The responsibility for keeping money rolling into households in retirement is shared between individual employees and their employers. A 401(k) fund can be the best choice for an employer plan while a self-directed 401(k) can maximize the control exercised by individuals.
The 401(k) employer plan differs from the traditional fixed monthly payment plan in that it has preset contribution levels. This means that employees are required to invest their salaries and to be actively involved in guiding and adjusting those investments. 401(k) funds are now the dominant employer plan in the public sector. They are classified, by the IRS, as ‘profit-sharing’. However they do not necessarily involve true profit sharing.
Other types of retirement provision are available to employers such as the 403(b) for employees in educational and not for profit organizations, or Employee Stock Ownership Plans and profit-sharing ones.
401(k) funds offer tax deductions and flexibility in both the way the plan is set up and in the investments that individuals decide to make. 401(k) self-directed funds differ from the traditional a pension plan in that workers keep the benefits when they change employer. They are also insured against the bankruptcy of the contributing employer.
The choice of 401(k) fund structure is the first and most fundamental decision to be made when an employer establishes a fund. There are three distinct types of 401(k) plans:
- A ‘Simple’ 401(k) fund is the best option for small to medium sized companies with fewer employees who received a minimum of $5,000 in pay in the previous year. Employees can only draw contributions or benefits accruals from this plan from the one employer. These kinds of 401(k) fund are not subject to nondiscrimination reviews that aim to ensure fairness of benefits between workers, owners and managers.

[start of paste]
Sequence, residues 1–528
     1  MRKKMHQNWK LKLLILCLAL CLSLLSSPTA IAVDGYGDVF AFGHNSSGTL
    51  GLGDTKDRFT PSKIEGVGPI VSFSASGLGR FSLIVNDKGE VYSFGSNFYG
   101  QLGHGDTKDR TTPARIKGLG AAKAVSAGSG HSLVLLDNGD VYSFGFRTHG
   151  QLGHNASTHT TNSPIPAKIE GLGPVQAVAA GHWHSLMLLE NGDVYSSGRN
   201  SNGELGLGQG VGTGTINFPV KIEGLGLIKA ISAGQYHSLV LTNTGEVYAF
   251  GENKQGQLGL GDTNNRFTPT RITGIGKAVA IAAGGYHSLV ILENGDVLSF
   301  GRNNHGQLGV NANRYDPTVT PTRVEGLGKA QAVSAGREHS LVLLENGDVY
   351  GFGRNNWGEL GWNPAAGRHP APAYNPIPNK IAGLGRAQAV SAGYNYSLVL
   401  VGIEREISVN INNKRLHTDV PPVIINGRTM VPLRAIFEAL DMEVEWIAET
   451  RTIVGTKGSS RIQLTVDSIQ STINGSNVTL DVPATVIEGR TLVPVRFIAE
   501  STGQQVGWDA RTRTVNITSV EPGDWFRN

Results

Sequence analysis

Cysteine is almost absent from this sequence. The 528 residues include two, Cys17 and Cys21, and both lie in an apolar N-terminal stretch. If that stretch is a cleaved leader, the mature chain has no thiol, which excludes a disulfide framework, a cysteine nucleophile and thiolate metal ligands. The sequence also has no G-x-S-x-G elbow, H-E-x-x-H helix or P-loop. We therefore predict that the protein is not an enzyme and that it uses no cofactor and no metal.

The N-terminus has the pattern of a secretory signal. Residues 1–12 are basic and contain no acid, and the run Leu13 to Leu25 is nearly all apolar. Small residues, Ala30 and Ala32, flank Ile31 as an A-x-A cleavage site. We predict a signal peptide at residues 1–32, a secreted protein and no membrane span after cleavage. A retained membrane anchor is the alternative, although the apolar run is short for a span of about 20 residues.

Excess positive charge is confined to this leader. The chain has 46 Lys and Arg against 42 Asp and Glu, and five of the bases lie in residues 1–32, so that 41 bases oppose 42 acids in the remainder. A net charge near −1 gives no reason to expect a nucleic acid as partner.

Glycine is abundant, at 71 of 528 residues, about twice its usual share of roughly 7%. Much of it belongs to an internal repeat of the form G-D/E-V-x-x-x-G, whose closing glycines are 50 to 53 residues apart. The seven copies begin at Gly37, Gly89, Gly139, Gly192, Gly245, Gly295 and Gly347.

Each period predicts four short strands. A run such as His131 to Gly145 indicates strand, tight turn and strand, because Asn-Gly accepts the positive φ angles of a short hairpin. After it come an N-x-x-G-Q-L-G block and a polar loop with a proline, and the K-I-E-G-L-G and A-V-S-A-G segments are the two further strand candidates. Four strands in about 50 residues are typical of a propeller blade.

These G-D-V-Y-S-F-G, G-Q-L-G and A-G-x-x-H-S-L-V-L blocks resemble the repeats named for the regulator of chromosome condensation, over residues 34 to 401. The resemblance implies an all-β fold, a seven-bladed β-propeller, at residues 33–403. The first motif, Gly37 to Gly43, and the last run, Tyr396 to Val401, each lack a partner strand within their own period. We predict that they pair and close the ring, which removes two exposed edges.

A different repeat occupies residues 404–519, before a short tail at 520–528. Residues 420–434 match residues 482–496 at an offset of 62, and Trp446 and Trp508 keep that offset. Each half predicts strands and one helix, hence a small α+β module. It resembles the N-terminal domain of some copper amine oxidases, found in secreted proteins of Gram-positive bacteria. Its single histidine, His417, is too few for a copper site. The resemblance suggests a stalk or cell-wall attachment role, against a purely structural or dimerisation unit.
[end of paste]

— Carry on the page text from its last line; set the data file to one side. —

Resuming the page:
- ‘Traditional’ 401(k) funds is where employers can make matching contributions to employees’ deferrals. Companies can apply a ‘vesting schedule’ that sets minimum service periods before a getting the matched contributions. Employees who join the fund make deductions direct from their salary. Each year reviews are done to ensure that workers get proportional benefits in line with owners and managers.
- A ‘Safe Harbor’ 401(k) fund is like a traditional plan, but the tax rules are much simpler and the employer contributions have to be fully vested from the start. Not subject to annual nondiscrimination testing
The justification for establishing and joining employer/employee retirement funds is a lot about the time when tax is paid. In most 401(k) funds, employees put a proportion of their salary in to the plan before income taxes are deducted. The capital growth and interest on the funds is also not subject to tax deductions. Only when the retirees make withdrawals are they subject to tax.